I know I said that “all you need to know about [Martin] Cothran” is that he managed to misidentify both my employer and my profession and then repeat those easily corrected errors many times.
But it turns out there’s more to Cothran. Sure, he’s bigoted, has an odd fascination with the word “faggot,” and writes for both the Disco. Inst. and the Kentucky affiliate of Focus on the Family. But he also teaches logic at a private school in Kentucky.
To really get to know him, then, we need to see how he employs logic in his arguments against marriage equality.
In one of several febrile posts issued over the weekend (when I was at San Francisco’s Green Festival, seeing, among others, Cornell West), Cothran attempts to demonstrate how logic works.
He begins with a passage that relies solely on the argumentum ad hominem to dismiss the language of the ballot initiative, language stating that Proposition 8 would (and does) “ELIMINATE RIGHT OF SAME?SEX COUPLES TO MARRY.” This, I argued, suggests that that right existed before, since otherwise the sentence would be nonsensical. Given that the duly-elected Attorney General of the State drafted that description, and that the state’s courts agreed that it was accurate, it is a bit odd that Cothran’s only response is that the Attorney General is “the guy the late Mike Royco [sic, it’s actually Royko] dubbed ‘Gov. Moonbeam.'” I could write a long post about how the argumentum ad hominem is invalid and inappropriate, but I’m sure you already know better, and if Cothran doesn’t, he’s already ignored every other extant source on logic, and will surely ignore my explanation also.
What follows is an uninformative exercise in question-begging, where Cothran assumes that marriage is defined in a way that excludes same-sex couples, when that is actually the claim at issue. I will omit a detailed account of why this is logically inappropriate on the same grounds.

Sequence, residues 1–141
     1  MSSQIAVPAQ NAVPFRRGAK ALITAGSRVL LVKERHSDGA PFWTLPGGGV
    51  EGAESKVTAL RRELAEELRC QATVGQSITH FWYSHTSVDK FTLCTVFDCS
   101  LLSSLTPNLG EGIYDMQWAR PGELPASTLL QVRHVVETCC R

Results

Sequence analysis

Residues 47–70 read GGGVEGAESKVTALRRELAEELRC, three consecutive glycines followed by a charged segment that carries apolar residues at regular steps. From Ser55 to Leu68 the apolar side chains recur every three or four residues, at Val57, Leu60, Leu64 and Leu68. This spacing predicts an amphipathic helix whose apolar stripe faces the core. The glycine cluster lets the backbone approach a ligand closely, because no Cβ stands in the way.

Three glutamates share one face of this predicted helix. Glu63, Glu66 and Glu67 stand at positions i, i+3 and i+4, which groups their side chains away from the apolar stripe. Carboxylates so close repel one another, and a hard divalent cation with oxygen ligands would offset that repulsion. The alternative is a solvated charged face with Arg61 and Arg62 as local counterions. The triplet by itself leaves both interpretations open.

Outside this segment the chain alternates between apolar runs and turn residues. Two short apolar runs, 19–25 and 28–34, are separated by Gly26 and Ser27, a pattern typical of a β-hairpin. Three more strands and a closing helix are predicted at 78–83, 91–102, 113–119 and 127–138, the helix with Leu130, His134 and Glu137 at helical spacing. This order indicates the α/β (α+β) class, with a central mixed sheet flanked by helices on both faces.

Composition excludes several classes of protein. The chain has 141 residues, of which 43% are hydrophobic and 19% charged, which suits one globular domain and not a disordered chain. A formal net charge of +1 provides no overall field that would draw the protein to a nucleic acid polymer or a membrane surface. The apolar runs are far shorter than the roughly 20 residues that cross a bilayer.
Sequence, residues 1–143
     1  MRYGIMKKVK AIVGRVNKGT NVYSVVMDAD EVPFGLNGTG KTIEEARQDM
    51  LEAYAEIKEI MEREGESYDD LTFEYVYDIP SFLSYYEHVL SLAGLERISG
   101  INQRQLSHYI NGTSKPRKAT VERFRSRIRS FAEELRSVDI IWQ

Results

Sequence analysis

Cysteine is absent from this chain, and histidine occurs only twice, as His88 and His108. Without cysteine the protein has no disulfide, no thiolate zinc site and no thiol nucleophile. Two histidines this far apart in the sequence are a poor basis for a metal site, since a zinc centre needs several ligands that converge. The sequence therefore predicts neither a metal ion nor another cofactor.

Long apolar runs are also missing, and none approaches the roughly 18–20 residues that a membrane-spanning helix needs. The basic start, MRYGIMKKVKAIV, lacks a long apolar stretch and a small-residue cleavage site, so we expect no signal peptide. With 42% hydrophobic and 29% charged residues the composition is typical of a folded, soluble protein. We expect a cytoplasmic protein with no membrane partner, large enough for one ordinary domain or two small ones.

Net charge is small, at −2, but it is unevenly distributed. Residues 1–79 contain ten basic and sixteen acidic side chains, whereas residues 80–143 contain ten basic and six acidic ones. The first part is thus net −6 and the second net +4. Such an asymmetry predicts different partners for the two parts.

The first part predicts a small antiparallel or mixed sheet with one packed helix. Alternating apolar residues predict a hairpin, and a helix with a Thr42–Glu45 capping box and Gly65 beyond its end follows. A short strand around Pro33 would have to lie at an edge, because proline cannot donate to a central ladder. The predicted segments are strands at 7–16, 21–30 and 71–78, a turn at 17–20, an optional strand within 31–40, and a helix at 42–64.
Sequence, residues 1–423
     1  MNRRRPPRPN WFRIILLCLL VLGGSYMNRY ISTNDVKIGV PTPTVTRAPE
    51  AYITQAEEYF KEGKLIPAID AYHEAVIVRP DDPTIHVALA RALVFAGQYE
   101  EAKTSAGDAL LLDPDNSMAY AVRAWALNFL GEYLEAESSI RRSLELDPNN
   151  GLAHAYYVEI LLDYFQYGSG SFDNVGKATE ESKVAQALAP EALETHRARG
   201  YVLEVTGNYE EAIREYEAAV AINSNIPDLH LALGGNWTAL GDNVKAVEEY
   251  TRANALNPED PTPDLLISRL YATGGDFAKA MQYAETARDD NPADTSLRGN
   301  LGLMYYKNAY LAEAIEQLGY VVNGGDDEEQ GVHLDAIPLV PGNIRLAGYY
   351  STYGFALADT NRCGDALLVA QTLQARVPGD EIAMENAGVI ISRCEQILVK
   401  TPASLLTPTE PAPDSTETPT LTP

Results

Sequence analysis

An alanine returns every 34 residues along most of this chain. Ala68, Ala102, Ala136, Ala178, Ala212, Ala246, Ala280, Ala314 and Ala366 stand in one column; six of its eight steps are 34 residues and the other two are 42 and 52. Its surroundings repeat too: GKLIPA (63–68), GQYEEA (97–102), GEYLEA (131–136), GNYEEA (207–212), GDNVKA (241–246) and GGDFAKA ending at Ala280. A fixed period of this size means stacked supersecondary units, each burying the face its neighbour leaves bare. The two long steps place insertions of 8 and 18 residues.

We will also ignore this uninformed passage:
A lot of people don’t understand how amendment ratification works. A bill is drafted with the actual constitutional language and state legislators approve or disapprove it. In Kentucky, you also have to include in the bill the language that is to appear on the ballot. Often the fight is over how the ballot language is phrased, since the ballot language can hold the fate of the amendment all by itself regardless of what the amendment actually says. How it is in California, I don’t know, but apparently the process is more lax if it allows someone to change it on the way to the ballot the way Brown did.
This is not how it works in California. The state legislature passed two different bills allowing marriage equality, which the Governator stated that he supported, but which he vetoed for reasons that were never quite clear to those of us who aren’t in the Republican base. The proposition was put on the ballot by a petition process, the same way that propositions were put on the ballot in 1986, when Cothran lived here. One hopes that when he teaches “Latin, Logic, Rhetoric, and Classical Studies,” he actually bothers to do some research before he tells the kids something.
I will also pass over his claim that Prop. 8 was redundant. After all “A fundamental rule of statutory construction requires that every part of a statute be presumed to have some effect, and not be treated as meaningless unless absolutely necessary.” 153 Va. 332, 149 S.E. 541 (1929). Cothran’s claim “that the California law is redundant,” is therefore wrong, unless there is no other reading possible. There is, so he is wrong.
I could, then, take this passage and declare victory. The California hate amendment and the Virginia hate law are the same, and both display bigotry:
In other words, the language is indeed the same, but in the Virginia case it is clearly not redundant, but in the case of the California language it just as clearly is. Somehow Rosenau sees that as a contradiction when it clearly is not. One is forced to be redundant when language is being attacked by people for their political purposes.
What really struck me, though, was this passage: